The World Economic Forum, also called the Davos Annual Meeting, is being held from January 22–25, 2014, in the municipality of Davos, Switzerland. The meeting of many business and world leaders is meant to promote positive change around the world; having added “inclusiveness” to its list of objectives, the Huffington Post and Microsoft sponsored a panel on LGBT rights on January 23.
Speakers at the panel included Cameroonian lawyer and LGBT activist Alice Nkom, Elliott Management Corporation founder Paul Singer, Third Point founder Dan Loeb, Russian and American journalist Masha Gessen, J-FLAG Executive Director Dane Lewis, and Human Rights Campaign President Chad Griffin.
Coverage of the event by the New York Times commented on the “seeming unlikelihood that prominent investors would take a stand on gay rights,” but it’s in part a matter of practicality: statistics show that equality is good for business.
Recent reports, such as Professional services firm Deloitte LLP’s Uncovering Talent, affirm that a friendly office environment is key to finding and keeping talented employees that feel valued, and thus inspired to bring their best to their work. The company’s Aon Pride Alliance provides feedback for diversity training for employees at all levels, so the LGBT perspective is understood by everyone.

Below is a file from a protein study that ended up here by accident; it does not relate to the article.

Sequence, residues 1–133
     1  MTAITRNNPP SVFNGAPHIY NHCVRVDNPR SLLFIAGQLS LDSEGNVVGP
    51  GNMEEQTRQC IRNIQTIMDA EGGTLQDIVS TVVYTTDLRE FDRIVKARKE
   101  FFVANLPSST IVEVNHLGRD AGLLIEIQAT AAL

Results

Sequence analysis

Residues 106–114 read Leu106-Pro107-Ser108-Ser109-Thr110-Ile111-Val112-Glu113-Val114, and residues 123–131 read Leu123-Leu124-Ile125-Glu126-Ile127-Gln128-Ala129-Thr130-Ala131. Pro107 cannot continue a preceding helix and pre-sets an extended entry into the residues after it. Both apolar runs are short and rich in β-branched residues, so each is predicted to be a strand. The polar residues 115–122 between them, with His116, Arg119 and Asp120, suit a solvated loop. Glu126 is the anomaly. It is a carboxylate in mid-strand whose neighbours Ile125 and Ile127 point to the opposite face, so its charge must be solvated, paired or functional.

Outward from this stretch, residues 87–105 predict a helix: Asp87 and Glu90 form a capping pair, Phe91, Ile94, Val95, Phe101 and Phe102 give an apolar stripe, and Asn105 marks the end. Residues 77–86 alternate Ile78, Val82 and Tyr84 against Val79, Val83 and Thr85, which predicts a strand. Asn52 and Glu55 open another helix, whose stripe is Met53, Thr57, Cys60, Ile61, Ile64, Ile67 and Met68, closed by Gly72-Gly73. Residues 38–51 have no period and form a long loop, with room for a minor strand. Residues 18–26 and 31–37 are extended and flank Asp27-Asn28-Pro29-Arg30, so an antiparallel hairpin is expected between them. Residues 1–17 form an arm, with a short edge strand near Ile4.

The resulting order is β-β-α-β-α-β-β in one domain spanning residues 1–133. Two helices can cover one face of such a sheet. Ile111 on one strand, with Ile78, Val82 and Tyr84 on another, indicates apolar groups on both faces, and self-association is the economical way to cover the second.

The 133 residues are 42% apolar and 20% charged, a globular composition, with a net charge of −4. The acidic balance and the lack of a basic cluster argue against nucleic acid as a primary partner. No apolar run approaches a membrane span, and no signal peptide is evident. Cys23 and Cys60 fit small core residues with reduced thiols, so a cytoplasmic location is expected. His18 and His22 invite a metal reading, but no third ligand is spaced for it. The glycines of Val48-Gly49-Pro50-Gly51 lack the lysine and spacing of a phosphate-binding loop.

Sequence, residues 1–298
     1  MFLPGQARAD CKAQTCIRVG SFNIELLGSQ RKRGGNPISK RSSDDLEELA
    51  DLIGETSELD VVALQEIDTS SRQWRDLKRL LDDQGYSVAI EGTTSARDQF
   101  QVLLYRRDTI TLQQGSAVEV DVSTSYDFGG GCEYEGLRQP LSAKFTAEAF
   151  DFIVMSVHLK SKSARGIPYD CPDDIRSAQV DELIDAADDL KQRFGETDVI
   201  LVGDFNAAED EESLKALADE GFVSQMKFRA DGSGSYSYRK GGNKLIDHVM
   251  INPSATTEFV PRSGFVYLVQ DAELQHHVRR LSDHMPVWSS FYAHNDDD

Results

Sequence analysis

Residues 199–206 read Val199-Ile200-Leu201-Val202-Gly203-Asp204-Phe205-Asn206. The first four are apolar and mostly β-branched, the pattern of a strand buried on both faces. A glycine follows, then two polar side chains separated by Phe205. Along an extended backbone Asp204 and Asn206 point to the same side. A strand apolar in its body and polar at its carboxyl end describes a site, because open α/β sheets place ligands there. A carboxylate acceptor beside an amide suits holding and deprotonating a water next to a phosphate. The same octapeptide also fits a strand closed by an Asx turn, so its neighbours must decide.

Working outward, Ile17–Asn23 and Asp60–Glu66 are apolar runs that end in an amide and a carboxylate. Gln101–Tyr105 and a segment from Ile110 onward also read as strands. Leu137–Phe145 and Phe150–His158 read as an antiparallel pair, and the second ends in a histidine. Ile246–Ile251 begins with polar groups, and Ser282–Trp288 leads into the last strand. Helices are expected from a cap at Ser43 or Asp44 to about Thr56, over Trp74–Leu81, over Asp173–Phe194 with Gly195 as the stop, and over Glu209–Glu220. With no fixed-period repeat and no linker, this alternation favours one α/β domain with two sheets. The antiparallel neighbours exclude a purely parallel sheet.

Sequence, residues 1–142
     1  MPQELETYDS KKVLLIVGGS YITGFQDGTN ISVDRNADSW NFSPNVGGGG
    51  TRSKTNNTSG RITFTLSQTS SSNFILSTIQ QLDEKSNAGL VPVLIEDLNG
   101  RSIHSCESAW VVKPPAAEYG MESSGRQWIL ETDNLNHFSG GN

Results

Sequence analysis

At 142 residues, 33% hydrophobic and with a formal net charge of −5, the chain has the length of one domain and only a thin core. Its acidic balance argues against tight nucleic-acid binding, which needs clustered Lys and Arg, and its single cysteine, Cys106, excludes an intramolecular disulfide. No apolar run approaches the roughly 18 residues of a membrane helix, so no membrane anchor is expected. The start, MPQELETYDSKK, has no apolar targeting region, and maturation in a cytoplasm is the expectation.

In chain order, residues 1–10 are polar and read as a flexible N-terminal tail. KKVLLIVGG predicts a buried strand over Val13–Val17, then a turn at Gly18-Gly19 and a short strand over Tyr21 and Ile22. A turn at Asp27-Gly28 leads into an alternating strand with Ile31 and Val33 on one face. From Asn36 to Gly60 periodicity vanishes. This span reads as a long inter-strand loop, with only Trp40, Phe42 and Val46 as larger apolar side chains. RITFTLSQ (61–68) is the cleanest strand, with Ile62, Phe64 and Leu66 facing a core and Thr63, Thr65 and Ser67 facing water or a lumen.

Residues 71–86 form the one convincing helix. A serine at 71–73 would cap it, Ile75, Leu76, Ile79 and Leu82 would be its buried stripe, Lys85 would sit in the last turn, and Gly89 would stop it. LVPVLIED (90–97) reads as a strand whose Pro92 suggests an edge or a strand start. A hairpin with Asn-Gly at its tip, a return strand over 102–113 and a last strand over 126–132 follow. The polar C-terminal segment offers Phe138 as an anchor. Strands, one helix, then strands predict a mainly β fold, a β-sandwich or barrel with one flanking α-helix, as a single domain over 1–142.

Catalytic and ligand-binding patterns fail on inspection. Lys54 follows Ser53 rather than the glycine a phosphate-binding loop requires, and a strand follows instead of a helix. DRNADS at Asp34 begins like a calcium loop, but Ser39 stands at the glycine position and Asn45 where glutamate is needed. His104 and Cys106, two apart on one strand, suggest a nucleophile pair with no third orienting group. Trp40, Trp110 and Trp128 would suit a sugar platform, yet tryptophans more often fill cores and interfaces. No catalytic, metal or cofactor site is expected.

Deloitte’s chief inclusion officer, senior partner Deb DeHaas, also points out that while pro-equality benefits and policies are important, in a company’s day-to-day operations, official policies take second place to office environment. “At the end of the day, it’s all about culture,” she told Human Resource Executive. “We’re trying to promote an environment where people believe they can bring their authentic selves to work.”
At the panel, Paul Singer talked about how he was inspired to learn about LGBT rights after his son came out as gay at the age of twenty-one. Though Singer is one of the Republican party’s biggest financial contributors, he is now also one of the most outspoken and active proponents of marriage equality in the professional finance world.
Regarding his influence on politicians, he declined to speak of whether or not he pushes a pro-equality agenda with them, but admitted, “I don’t try to proselytize, but they know that winning is better than losing.”